On the night of August 12th, 1961, the SED erected a wall around West Berlin, an island of capitalism deep within East Germany. The SED called the Berlin Wall the ”anti-fascist protection wall”. It was true that many Berliners liked to avail of the cheap rents and subsidized food in socialist East Berlin but they also wanted to work and earn ‘hard currency’, the Deutsche Mark, in West Berlin, thereby having the best of both worlds, so to speak. But ultimately people wanted freedom of movement, freedom of opinion and a free press, and the prosperity that the West promised. East Germans were leaving in their droves. The inner-German border had been closed since 1952 and the fences had been made more secure during the preceding years, but the overnight erection of the Wall plugged the final hole in the border between the two Germanys.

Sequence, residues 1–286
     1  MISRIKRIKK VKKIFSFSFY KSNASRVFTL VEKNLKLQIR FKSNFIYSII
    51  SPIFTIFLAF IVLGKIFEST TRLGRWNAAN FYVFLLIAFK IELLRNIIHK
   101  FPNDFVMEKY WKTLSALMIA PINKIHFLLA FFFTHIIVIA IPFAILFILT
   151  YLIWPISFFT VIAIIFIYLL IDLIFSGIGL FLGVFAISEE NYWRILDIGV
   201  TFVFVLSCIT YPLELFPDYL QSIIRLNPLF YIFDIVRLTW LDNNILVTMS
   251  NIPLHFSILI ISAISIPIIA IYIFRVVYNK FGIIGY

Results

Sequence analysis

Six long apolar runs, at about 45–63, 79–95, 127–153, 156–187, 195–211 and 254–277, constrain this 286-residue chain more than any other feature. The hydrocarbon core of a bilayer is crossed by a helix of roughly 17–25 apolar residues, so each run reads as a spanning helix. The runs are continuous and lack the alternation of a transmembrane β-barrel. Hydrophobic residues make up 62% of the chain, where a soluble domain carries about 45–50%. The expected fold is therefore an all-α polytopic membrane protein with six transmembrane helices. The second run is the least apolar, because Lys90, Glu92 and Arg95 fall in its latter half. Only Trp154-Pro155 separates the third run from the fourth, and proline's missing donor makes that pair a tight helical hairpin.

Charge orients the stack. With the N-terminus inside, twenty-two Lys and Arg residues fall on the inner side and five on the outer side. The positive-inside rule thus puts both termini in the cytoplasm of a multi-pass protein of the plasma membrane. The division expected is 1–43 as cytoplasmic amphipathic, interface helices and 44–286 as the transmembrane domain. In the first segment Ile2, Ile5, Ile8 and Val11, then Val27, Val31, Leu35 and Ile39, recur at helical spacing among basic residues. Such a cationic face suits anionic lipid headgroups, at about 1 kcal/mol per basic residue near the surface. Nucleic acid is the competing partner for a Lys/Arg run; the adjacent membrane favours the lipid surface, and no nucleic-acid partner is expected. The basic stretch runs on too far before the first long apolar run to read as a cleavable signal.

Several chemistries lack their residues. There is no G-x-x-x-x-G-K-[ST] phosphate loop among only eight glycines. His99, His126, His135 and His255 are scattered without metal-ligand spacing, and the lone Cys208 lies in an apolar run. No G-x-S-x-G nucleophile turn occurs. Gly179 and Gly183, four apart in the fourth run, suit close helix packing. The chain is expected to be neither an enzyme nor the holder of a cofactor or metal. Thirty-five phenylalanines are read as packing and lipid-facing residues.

During the following 28 years, in excess of 100,000 citizens of the GDR tried to escape across the inner-German border or the Berlin Wall. More than 600 of them died as a result of a failed escape attempt, about 80 of them at the Berlin Wall. Both the inner-German border and the Berlin Wall were guarded by soldiers in sentry towers and on the march, so it was a risky enterprise to attempt to escape.

While West Germany prospered in the post-war years, rising like a phoenix out of the rubble of war to become one of the leading economies of Europe, East Germany’s economic growth paled in comparison. West Germany benefited greatly from the Marshall Plan proposed by President Trumann of the USA for the restoration of the economic infrastructure of postwar Europe. The Red Army ordered the transportation of entire factories among other “trophies of war” from the GDR as war reparations, thus weakening the ability of the GDR to restart its economy.